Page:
NHL coaches in 2017 can be divided into two main camps.
One are the HARD CORE LIFERS, guys who look like they’ve never left the rink, who eat, sleep and shit systems and dry erase markers, and who want desperately to talk about the time they dusted some AHL punk in his first game because the cocky little snot needed to learn a lesson about being a man in The Show. Joel Quenneville is the current leader of the Lifers gang, but others include Willie Desjardins, Lindy Ruff and Darryl Sutter (the mustache is optional).
Then there’s the other camp - the Gentleman Jock, the glasses-wearing, short-haired, nerdy-type that wants the world to know that’s he’s got his shit all worked out. His system is cutting edge - just good old fashioned hard work combined with some fancy new stats and technology that you regular folks just wouldn’t understand. He’s about using modern methods to understand the modern player in these modern times. Rule No. 1: it’s just a game. The Penguins have won two Stanley Cups with Gentleman Jocks behind the bench in Dan Bylsma and Mike Sullivan. Tampa’s Jon Cooper is another one, Calgary’s Glen Gulutzan another.
The Blues are currently running a system with one of each - Ken Hitchcock representing the old school and Mike Yeo wearing the glasses.
Jack Capuano didn’t fit into either camp. When he talked, he gave off the impression of a lifer, and his many AHL years and cup of coffee in the NHL provided the bonafides. But he didn’t have that same hard edge that a Ruff or Sutter has. He seemed less like a drill sergeant and more like a substitute teacher.
He also didn’t give off the nerdy vibe, despite his very contemporary taste in eyewear. Ask any of the many, many Islanders fans praying for Capuano’s ouster and a disturbingly large portion of them would probably point to the coach’s perceived lack of intelligence as the Number One reason a firing was needed.
I never bought that Forrest Gump Theory. But this season, though, it looked like Capuano had simply run out of ideas. More often than not, when confronted with a loss, injury, slump or other issue, he defaulted to what he knew best: playing the players who he knew would play “hahd.”
So 30-year old grinder Cal Clutterbuck gets to play with John Tavares while 23-year old swingman Ryan Strome gets a seat in the press box. Rookies are benched after mistakes while veterans are thrown right back out on the ice. Capuano rewarded the players he thought did the most work. Whether or not that work actually helped the Islanders win games was irrelevant. That’s not unusual for NHL coaches, but when your team doesn’t have the talent of the Blackhawks and Kings, you’re putting yourself at a disadvantage. And then some dipshit blogger likens your team to The Walking Dead.
In his five-plus years behind the bench, not one player ever spoke out of turn against Capuano, even when put onto lines (or occasional scratches) that didn’t make sense to anyone other than him. Maybe that’s the nature of a tightly-knit team that’s grown up together for a while. Or maybe the players simply thought their coach was doing what he felt was best.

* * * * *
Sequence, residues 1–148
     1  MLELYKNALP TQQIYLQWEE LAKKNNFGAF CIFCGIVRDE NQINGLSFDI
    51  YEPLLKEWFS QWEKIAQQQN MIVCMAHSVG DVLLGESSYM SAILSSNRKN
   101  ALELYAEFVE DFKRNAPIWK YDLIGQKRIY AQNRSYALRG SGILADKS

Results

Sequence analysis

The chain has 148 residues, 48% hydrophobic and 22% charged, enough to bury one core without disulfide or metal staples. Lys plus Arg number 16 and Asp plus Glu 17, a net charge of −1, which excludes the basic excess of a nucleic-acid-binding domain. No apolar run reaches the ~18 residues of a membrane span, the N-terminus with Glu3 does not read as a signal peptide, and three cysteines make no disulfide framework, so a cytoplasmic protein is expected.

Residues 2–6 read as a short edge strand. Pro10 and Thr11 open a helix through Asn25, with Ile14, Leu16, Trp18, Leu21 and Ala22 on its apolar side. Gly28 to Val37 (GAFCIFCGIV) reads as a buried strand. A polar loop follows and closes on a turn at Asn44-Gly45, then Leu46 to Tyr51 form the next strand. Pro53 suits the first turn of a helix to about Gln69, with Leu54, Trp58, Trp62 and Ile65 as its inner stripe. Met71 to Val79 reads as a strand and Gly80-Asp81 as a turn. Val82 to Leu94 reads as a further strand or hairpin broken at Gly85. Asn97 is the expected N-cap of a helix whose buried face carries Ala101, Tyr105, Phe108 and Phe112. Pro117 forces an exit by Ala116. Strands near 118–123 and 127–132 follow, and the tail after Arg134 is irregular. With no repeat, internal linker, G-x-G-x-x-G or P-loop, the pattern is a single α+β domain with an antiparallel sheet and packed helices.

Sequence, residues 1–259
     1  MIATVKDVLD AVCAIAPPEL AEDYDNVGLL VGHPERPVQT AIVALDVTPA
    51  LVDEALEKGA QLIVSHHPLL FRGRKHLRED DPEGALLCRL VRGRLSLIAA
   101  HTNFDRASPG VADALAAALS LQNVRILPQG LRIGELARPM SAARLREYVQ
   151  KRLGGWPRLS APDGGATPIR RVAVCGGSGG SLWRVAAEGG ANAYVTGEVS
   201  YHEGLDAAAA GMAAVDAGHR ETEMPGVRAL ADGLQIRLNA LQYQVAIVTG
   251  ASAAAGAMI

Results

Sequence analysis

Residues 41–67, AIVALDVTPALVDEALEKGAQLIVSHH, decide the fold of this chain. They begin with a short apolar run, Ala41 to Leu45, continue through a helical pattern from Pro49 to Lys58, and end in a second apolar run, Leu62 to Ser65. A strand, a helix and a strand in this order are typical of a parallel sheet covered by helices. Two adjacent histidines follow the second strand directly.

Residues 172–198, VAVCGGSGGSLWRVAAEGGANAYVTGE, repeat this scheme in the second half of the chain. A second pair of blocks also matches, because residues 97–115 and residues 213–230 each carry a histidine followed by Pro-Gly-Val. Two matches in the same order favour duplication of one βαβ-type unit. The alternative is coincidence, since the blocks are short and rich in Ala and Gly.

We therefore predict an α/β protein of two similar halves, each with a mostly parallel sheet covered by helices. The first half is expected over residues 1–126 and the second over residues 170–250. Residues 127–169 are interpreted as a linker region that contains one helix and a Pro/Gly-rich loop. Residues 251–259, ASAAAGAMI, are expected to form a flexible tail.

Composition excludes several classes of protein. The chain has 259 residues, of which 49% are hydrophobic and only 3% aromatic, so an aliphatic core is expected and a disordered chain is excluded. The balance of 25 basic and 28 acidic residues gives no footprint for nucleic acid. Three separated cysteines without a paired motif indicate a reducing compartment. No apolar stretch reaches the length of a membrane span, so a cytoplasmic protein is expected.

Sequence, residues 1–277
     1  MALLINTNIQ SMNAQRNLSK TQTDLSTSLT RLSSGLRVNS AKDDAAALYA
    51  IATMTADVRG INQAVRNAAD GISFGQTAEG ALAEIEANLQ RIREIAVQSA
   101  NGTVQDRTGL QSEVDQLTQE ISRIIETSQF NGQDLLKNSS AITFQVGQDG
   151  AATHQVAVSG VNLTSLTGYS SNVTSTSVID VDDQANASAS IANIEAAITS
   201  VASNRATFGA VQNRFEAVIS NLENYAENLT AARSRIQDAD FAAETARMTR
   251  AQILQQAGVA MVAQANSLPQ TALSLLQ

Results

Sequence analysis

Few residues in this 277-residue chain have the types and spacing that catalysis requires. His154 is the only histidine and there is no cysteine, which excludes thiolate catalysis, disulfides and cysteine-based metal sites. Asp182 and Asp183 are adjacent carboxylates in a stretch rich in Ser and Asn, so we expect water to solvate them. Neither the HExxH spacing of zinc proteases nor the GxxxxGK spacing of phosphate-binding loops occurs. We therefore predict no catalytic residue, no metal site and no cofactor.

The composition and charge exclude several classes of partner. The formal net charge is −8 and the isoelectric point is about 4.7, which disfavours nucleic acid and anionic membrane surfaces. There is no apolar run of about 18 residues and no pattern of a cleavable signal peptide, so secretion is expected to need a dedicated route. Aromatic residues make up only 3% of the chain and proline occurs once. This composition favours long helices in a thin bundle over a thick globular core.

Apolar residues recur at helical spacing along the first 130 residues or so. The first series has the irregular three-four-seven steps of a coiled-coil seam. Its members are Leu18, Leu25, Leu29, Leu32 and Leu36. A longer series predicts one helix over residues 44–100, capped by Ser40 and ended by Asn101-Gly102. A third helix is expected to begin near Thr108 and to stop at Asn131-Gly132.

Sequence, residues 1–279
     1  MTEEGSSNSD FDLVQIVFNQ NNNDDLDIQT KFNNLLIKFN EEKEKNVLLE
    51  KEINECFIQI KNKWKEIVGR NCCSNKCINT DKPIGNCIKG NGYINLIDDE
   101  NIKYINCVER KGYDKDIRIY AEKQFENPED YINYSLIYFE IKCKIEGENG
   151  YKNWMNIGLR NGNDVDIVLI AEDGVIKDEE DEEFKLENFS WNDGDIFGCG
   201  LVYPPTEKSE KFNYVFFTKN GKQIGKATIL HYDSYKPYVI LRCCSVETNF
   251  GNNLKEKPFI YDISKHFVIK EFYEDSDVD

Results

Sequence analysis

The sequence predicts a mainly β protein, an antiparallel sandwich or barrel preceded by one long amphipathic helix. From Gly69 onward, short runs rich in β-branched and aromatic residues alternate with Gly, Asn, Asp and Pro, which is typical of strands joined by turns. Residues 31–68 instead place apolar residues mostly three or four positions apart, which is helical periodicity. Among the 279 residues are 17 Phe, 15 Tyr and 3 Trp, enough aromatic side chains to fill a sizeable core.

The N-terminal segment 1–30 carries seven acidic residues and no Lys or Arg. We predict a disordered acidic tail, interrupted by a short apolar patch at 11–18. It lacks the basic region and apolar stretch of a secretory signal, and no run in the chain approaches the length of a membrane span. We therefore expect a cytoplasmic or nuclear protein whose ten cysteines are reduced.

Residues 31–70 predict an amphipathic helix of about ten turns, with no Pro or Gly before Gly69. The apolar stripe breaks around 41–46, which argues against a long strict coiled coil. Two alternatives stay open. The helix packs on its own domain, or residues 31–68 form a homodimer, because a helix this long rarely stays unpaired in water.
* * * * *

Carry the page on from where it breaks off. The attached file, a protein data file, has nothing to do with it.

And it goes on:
His final week as Islanders coach was a prime example of how his teams operated over the last season and a half. A boring 2-1 loss at home to Florida, a John Tavares-starring 5-2 win at Florida, a sloppy, embarrassing 7-4 loss in Carolina and a solid 4-0 win in Boston, the franchise’s first ever shutout over the Bruins.
That kind of inconsistency has plagued the Islanders for years, despite the playoff appearances and wins the team collected under him. A lot of the blame should also go to Garth Snow, the man who hired and fired Capuano. Until today, the only consistent thing about the team was the guys in charge of it. After firing Capuano, Snow is now talking about the decision not being made by “a dictatorship” and putting the onus on him for the team’s failings. Maybe he feels he’s the next one to go if and when the team adds a president or other suit to their leadership ladder.
As it has with players that don’t follow his designated time schedule or salary structure, Snow’s loyalty to Capuano finally ran out.
And it’s kind of a shame. Had they won more games under him, I think Capuano could have become a folk hero among Islanders fans. He was like a local guy (Okay, sorta local. Maybe like a deckhand from Rhode Island who worked at Moriches Yacht Club over the summer), who got to coach a team in the NHL. For a fanbase that idolizes workman-like dudes who fight, scrap and score goals, Capuano should have been a pet. Instead, he became a pin cushion.
Jack Capuano will get another coaching job, maybe even in the NHL. He’ll probably be the same down-to-Earth, uncommon coach he is now wherever he ends up. He helped the Islanders in a lot of ways. But for the franchise to move forward, his firing was a necessary one.